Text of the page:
Objection 1: It seems that it is not good, because quarreling is wrong. The second chapter of 2nd Timothy says “The Lord’s bond-servant must not be quarrelsome”.

Objection 2: Division in the Body is a sign of Satan’s interference in the church, and we should fight that interference.

Objection 3: We must guard our weaker brothers. Paul the Apostle, in the eighth chapter of 1st Corinthians says “So this weak brother, for whom Christ died, is destroyed by your knowledge.”

Objection 4: Jesus said the world would know us by our love for one another. This love is manifested in our unity. We must avoid arguments to persevere this unity as a witness to the world.

On the contrary, Greg Koukl of the Stand to Reason ministry says “some people may view disputation as wrong in itself because they view it as quarrelsome. We ought not be quarrelsome, as Paul tells Timothy in 2 Timothy chapter 2. But having disputations, differences of opinion in which you argue for a point of view, and being quarrelsome are two different things. In fact, it’s absolutely imperative that Christians argue. Some of the fight phobia that Christians have had in the past actually has done more harm than good. It is good and healthy for Christians to dispute about important issues, meaning they give their opinions about what is true, and they support their opinions with evidence and reasoning and Scripture. Then they allow those opinions to be looked at very closely by someone else, and then he gives his reasons and ideas and Scripture. It’s only in and through that process of disputation, sharing ideas, and trying and testing our ideas in fire that we will be able to determine what truth is. A group of people who refuse to dispute about anything will have a very poor chance of coming to truth.”[1]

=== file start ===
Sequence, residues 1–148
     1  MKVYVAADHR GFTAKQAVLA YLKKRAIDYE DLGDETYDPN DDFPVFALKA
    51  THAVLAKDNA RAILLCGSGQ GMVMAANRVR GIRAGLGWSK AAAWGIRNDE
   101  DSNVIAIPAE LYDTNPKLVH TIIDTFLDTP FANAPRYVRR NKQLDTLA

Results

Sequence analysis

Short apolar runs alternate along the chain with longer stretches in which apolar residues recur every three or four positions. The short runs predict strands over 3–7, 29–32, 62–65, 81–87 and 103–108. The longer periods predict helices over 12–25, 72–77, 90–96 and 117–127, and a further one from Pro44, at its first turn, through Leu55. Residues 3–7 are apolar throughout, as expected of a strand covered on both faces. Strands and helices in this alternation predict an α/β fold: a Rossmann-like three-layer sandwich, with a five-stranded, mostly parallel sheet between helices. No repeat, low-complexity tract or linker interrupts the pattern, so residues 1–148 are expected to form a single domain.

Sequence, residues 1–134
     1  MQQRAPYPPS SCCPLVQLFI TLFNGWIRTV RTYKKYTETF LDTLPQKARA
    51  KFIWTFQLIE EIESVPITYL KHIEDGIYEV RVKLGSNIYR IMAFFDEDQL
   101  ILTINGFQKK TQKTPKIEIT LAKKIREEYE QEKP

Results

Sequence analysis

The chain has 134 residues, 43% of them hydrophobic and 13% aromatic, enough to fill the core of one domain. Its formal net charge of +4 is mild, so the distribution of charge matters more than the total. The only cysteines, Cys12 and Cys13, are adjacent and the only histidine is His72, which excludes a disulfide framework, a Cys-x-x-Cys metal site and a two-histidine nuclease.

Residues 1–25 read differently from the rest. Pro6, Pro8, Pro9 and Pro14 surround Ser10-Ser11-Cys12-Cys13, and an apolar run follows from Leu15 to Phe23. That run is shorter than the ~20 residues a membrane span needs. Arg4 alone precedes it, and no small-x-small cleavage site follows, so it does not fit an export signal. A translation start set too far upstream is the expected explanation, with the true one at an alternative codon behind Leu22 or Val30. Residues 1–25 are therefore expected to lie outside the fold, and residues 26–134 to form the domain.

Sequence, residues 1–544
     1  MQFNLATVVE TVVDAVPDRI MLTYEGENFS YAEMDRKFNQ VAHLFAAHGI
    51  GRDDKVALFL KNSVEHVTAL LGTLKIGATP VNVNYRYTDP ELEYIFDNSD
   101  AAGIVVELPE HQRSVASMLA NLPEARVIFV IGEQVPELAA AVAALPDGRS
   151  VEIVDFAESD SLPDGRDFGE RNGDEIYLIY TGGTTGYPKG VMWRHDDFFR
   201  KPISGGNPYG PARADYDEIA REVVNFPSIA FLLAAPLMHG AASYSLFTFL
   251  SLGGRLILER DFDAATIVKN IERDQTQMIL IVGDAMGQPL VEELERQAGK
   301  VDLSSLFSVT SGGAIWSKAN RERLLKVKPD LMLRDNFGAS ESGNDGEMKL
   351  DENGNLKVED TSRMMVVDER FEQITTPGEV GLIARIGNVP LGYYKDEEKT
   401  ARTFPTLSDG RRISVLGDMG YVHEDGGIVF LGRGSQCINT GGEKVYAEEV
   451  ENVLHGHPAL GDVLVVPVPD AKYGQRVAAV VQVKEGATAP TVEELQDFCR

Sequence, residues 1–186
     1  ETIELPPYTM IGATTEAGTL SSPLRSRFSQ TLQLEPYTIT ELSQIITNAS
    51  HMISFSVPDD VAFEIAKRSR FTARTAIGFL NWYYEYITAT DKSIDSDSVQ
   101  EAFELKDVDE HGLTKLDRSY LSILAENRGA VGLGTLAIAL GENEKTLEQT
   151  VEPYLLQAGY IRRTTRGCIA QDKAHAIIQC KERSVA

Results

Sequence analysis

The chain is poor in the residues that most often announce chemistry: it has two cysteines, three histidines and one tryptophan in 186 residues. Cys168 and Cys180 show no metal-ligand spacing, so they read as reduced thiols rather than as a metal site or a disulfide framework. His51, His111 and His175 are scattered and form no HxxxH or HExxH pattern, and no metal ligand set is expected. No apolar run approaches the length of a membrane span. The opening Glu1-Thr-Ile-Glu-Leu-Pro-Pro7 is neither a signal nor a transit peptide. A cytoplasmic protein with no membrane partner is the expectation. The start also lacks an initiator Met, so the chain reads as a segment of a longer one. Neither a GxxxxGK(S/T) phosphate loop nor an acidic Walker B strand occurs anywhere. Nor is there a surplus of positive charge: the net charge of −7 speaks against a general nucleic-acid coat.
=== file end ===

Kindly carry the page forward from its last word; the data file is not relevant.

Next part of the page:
I answer that good-natured argument is healthy. We ought to argue charitably with one another, and on things that are not of primary importance, we sometimes will need disagree without a resolution. We should be cautious in labelling disagreement itself as something bad or something to be avoided. When assessing the beliefs of those we disagree with, we ought to be charitable and grant them pure motives until we have reason to do otherwise. It is possible to disagree on an action but still have the same motivation as someone else.

Reply to Objection 1: To argue is not to divide. We must argue in charity, but we must argue. It is possible, and good, to argue without being argumentative.

Reply to Objection 2: Satan does indeed divide, but Satan is not the cause of all arguments. There is such a thing as a good argument. The mere fact that the church votes in elections and on policies is testifies to our assumption that disagreement is not always from Satan. If it were, a truly godly church would never vote; we’d already agree.

Reply to Objection 3: This is not the proper meaning of the passage. Paul is not here saying that someone with a “weak conscience” is anyone who requires the most safety or precaution. He is speaking of new Christians who are tempted to see actions they once associated with their former religion in spiritual terms. In those cases, mature Christians should try to avoid causing them to sin.

Reply to Objection 4: The world should certainly know us by our love for one another, and I think one of the greatest examples of that love is being able to disagree charitably. Unity doesn’t mean the absence of disagreement, but that we stick together in spite of it.

[1] <https://www.str.org/w/arguing-is-a-virtue>